Offering accessibly-priced accommodation with a cool and quirky adventure into the magnificent Kalahari Desert and Makgadikgadi Salt Pans, Planet Baobab is the funkiest desert oasis around!
Adventure – 3 Sable Rating
Adventure camps are comprised mainly of thatch and canvas although a few are constructed of more permanent materials. The rooms are smaller and more rustic than the classic camps but extremely comfortable.
- Some camps have communal swimming pool -but not all as some of these camps are not permanent camps, they move around throughout the year i.e. migrations camps in the Serengeti National Park
- Comfortable /basic accommodation
- Communal dining
- Great price point /best value for money
- Great for the adventure enthusiast that wants a more authentic experience
- All camps have ensuit bathrooms, however a few camps do have bucket showers
The semi-mobile tented camps of Savute Under Canvas are carefully positioned at exclusive wilderness campsites in the expansive Savute corner of Chobe National Park, offering exceptional game viewing opportunities.
Well-used animal trails meander between five ensuite safari tents at Chobe Under Canvas, positioned at exclusive campsites in the northern reaches of the park, within driving distance of the Chobe River.
The Jackal & Hide is located in the Khwai Private Reserve, a 200,000-hectare area of pristine wilderness in the Greater Okavango. The reserve is bordered by Moremi to the south, Savuti to the north and the Khwai Community Reserve to the east – in other words, in the middle of some of the most famous and iconic game-viewing areas on the continent!
Sleep atop an elevated platform only metres away from africa’s big game in Khwai private reserve. this is no ordinary safari experience!
Kubu Island is located in the south west of Sua Pan and is roughly 120 km from all three camps (Jack’s, San & Camp Kalahari). The unpredictability of the weather in the pans has a huge impact on the dryness of the ground and no route to Kubu is ever quite the same. An expedition can cover anything from 400 to 600 km!
You’ll find Camp Kalahari amongst the acacias and mokolwane palms of Brown Hyaena Island, on the edge of Botswana’s hauntingly beautiful Makgadikgadi Salt Pans. Wildlife in the surrounding savannah includes brown hyena, bat-eared foxes, elephant (the camp swimming pool is a welcome stop!), meerkat and during the green season, spectacular numbers of zebra and wildebeest.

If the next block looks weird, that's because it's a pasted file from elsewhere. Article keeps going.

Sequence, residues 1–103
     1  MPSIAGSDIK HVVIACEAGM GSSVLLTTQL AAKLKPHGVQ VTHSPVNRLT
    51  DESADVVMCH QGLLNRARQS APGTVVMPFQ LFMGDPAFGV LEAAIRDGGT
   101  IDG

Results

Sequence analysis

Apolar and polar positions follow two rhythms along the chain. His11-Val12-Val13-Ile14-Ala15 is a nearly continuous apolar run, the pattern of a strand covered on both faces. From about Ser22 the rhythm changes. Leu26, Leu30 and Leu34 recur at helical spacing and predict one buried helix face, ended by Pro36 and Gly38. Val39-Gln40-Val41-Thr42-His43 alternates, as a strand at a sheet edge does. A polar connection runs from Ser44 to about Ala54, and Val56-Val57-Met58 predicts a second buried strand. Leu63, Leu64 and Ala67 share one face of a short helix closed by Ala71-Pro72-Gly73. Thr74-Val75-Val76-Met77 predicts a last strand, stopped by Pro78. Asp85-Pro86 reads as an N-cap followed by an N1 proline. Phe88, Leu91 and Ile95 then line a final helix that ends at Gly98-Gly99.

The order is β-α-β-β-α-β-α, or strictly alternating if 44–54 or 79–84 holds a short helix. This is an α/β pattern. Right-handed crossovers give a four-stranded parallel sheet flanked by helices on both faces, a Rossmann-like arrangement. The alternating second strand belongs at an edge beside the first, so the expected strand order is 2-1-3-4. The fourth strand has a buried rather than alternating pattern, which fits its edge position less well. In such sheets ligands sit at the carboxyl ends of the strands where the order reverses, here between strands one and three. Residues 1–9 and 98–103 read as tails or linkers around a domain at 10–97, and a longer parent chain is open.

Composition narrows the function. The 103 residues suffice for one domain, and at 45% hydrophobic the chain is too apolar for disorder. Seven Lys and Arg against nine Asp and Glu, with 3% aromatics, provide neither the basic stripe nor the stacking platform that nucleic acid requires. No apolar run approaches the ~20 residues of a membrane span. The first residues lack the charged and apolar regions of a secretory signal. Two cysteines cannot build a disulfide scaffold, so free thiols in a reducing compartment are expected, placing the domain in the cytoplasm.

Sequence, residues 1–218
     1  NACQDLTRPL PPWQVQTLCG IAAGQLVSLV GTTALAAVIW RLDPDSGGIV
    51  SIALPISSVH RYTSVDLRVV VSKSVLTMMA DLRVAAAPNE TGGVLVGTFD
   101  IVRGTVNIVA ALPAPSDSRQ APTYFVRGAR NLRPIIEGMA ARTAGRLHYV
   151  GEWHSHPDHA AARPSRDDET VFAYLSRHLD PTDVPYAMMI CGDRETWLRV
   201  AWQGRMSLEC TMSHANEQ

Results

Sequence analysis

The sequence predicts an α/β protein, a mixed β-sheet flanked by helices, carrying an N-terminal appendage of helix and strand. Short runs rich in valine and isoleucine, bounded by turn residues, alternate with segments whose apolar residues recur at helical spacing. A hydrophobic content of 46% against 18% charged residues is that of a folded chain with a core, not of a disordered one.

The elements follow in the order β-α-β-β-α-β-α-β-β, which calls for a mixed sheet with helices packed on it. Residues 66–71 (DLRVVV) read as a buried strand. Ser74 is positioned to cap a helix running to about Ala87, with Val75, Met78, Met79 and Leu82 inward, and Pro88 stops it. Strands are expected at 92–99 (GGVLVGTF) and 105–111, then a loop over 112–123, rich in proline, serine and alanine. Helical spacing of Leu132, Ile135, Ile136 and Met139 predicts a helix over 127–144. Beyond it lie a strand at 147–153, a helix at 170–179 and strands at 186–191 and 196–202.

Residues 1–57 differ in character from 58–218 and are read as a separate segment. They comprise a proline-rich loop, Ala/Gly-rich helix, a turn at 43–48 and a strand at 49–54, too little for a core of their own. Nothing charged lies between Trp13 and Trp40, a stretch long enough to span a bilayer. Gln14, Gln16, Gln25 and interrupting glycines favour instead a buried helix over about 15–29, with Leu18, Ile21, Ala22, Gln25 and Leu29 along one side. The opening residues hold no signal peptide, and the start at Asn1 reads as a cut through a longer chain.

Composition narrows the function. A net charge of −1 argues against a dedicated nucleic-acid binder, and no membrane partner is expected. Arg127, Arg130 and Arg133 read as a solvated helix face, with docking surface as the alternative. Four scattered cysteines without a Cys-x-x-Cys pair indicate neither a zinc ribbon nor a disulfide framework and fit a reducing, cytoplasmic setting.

Fittingly, Pelo means ‘heart’ in Setswana as, from the air, the island on which this beautiful camp is situated appears heart-shaped. As it is surrounded by permanent water, activities focus on mokoro excursions in the open, shallow floodplains as well as boating and walking.
Doro Nawas rests on the edge of the dry Aba-Huab River overlooking ancient plains with glorious views of the rugged Damaraland area. The camp provides an excellent base for exploring in game drive vehicles and on foot, as well as excursions to view fascinating geological phenomena, petroglyphs (prehistoric rock engravings) and San rock art at Twyfelfontein, Namibia’s first World Heritage Site.
The luxurious tented camps of Serengeti Under Canvas move around the park year-round, attempting to anticipate the movements of the Great Migration and exploring the remote and beautiful corners of the Serengeti with excellent resident game.
The most luxurious lodge in the Western Serengeti, Grumeti Serengeti Tented Camp is inspired by Tanzania’s annual Great Migration. A wild and remote experience in the midst of ample resident game, it is ideally situated on the banks of a tributary of the Grumeti River and enjoys a prime position near one of the most famous fording points of the wildebeest migration.
Busanga Bush Camp lies on a verdant island in the middle of Kafue’s Busanga Plains. Day and night drives and seasonal boating take in the diverse wildlife in this remote place on the ground, or a hot air balloon ride by air.
Davison’s Camp is situated in a remote, wildlife-rich corner of Hwange National Park. Named after the founder of Hwange National Park and its first warden, Ted Davison, the camp overlooks an extremely productive waterhole that attracts a variety of plains game and predators. Game drives and nature walks explore the private concession.